6 comments:

Mild Colonial Boy, Esq. said...

"Among the strange notions which have been broached since I have been in the political theatre, there is one which has lately seized the minds of men, that all things must be done for them by the Government, and that they are to do nothing for themselves: the Government is not only to attend to the great concerns which are its province, but it must step in and ease individuals of their natural and moral obligations. A more pernicious notion can not prevail. Look at that ragged fellow staggering from the whiskey shop, and see that slattern who has gone there to reclaim him; where are their children? Running about, ragged, idle, ignorant, fit candidates for the penitentiary. Why is all this so? Ask the man and he will tell you. ‘Oh, the Government has undertaken to educate our children for us.’"

~~John Randolph. Proceedings and Debates of the Virginia State Convention (1830)

Moshea bat Abraham said...

Thank you for that excellent quotation, sir!

Hummingbird said...

Hello,

Are you familiar with the writings of Aurel Kolnai? He was an Austro-Hungarian political philosopher, born in 1900. He developed a conservative political philosophy which saw institutions like hereditary monarchy & aristocracy as safeguards of liberty. Many interesting essays, such as "Privilege and Liberty," the "Utopian Mind," and others. He opposed both Nazism and Communism, and eventually had to flee the Nazis and ended up in North America.

Thanks for linking to my blog, by the way.

Moshea bat Abraham said...

Hummingbird,

I hadn't heard of Aurel Kolnai, but I will certainly look him up. Thank you for telling me about him!

And I'm glad to have you on my blogroll!

Mike Fulton said...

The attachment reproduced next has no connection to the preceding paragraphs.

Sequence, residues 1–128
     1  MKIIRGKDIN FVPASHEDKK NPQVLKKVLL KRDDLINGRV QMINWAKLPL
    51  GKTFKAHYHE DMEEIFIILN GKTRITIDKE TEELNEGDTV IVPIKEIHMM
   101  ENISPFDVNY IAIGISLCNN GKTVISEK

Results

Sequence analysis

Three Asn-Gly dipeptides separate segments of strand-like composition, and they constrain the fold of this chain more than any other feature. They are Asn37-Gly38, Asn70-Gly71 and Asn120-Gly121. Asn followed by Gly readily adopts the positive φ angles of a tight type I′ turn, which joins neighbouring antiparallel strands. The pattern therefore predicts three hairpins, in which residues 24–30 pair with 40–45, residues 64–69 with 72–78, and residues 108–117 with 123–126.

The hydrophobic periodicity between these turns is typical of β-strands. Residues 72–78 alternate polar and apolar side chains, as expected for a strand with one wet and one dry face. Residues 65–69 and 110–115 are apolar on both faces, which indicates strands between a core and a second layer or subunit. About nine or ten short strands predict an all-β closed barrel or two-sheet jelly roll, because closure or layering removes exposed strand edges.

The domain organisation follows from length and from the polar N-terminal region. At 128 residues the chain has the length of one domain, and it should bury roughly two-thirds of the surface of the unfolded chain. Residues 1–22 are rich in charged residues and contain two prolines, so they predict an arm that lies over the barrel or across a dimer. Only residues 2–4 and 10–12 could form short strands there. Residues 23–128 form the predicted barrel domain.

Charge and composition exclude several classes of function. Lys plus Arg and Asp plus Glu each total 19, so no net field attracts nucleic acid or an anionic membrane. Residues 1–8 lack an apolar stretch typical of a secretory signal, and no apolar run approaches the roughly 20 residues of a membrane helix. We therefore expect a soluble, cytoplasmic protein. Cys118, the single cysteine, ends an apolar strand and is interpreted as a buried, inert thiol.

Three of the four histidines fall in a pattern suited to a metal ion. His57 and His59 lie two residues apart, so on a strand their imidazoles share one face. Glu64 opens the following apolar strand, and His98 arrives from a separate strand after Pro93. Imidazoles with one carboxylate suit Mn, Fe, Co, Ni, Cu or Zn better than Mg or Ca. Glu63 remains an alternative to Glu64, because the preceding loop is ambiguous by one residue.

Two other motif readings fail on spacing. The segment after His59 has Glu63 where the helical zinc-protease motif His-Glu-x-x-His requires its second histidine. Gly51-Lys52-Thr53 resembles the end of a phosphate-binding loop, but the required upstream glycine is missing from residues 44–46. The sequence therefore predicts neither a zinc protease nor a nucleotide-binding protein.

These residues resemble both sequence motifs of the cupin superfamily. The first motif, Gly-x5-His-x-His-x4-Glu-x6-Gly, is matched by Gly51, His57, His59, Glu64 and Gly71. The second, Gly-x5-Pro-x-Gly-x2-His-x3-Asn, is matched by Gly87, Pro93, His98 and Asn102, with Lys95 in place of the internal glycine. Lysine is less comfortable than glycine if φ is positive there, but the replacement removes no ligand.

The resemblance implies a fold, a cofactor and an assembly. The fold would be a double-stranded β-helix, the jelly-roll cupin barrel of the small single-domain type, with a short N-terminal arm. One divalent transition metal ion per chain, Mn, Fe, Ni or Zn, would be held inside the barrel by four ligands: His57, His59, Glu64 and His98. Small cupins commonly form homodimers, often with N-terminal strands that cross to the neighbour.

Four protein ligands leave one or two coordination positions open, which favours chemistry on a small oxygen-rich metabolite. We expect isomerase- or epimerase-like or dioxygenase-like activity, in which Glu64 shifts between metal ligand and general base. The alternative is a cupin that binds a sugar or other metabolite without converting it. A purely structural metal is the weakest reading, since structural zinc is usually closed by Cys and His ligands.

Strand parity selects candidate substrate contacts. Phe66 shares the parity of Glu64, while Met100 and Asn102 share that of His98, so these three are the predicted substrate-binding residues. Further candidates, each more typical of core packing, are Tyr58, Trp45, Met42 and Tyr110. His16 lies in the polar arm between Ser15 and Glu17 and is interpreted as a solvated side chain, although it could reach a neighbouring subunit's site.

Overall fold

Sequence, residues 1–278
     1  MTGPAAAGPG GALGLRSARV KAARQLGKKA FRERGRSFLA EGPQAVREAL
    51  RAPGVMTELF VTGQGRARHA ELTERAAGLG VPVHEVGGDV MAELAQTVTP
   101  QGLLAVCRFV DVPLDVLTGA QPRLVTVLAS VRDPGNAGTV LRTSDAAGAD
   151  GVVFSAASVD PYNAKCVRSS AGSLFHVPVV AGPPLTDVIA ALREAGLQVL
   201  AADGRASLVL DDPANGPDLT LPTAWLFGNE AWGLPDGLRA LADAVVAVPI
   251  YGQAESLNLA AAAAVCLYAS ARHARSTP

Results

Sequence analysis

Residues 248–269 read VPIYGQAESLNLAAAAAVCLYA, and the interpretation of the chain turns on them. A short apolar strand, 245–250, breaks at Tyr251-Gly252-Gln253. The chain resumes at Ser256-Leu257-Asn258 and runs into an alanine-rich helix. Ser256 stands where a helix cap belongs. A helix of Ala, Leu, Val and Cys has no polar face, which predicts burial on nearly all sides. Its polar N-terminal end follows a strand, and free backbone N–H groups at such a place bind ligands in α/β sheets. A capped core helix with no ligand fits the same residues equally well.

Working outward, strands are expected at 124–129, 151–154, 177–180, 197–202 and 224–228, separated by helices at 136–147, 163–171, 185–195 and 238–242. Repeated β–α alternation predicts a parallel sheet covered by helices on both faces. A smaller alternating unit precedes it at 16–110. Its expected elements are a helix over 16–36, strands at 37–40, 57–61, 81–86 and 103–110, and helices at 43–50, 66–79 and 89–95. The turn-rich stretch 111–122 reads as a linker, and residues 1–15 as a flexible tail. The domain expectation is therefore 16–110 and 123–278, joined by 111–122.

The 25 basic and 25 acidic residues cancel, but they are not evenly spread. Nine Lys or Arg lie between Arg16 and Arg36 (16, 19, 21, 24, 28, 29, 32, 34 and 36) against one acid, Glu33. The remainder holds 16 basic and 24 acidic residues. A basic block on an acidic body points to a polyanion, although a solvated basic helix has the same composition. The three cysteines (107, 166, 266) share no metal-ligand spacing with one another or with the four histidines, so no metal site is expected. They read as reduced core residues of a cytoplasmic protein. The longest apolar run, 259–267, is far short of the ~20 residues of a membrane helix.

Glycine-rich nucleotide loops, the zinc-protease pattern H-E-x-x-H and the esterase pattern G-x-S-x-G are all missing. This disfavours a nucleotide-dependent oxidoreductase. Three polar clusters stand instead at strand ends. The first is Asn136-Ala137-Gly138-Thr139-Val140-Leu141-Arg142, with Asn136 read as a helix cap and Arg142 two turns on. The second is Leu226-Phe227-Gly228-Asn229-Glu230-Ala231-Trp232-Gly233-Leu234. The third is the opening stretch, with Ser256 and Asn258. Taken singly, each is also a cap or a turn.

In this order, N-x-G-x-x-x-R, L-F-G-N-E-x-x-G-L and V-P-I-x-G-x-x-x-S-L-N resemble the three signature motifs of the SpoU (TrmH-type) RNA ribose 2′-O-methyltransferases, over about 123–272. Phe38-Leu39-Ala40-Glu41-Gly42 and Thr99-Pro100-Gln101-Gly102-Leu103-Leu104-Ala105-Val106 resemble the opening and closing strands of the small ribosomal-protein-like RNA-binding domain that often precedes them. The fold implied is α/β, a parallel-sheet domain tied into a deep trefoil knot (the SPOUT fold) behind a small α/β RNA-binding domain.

As a school teacher, an American, and a Monarchist, I wholeheartedly agree with your posting. Especially with regard to the information you present on education. Education is the temple and teachers, unfortunately, are the new priesthood for democracy, under the guise of so called "civics" classes.

I think why government, specifically the United States government, hates aristocrats is because we have become more narcissistic as a people. Our vanity has duped us into thinking that we should force everyone to be equal rather than assuring that everyone has equal opportunity. For example, take my school district, which has a "college bound culture" program. It ultimately seeks to promote college education to every student regardless of handicaps, ability, and interest. Many of the high schoolers I teach simply are not interested in college. Which is a shame as our school used to have great vocational programs (auto mechanic apprenticing, woodshop, etc), but these have all been scrapped to make way for collegiate promotion and workshops. This goes against Madisonian and Hamiltonian ideas that state Americans should pursue their interests freely in order that our nation can produce "an aristocracy of talent."

There is no other time in the history of this country where the evidence is clear that we need aristocracy and monarchy. It is only when people are united under such a symbol that they truly know who they are. And to know who you are is true freedom.

Moshea bat Abraham said...

Mike, thank you for your insightful comments. I'm going to have to start reading your blog!

I see you're a Texan. I lived in Texas for five years and miss it awfully.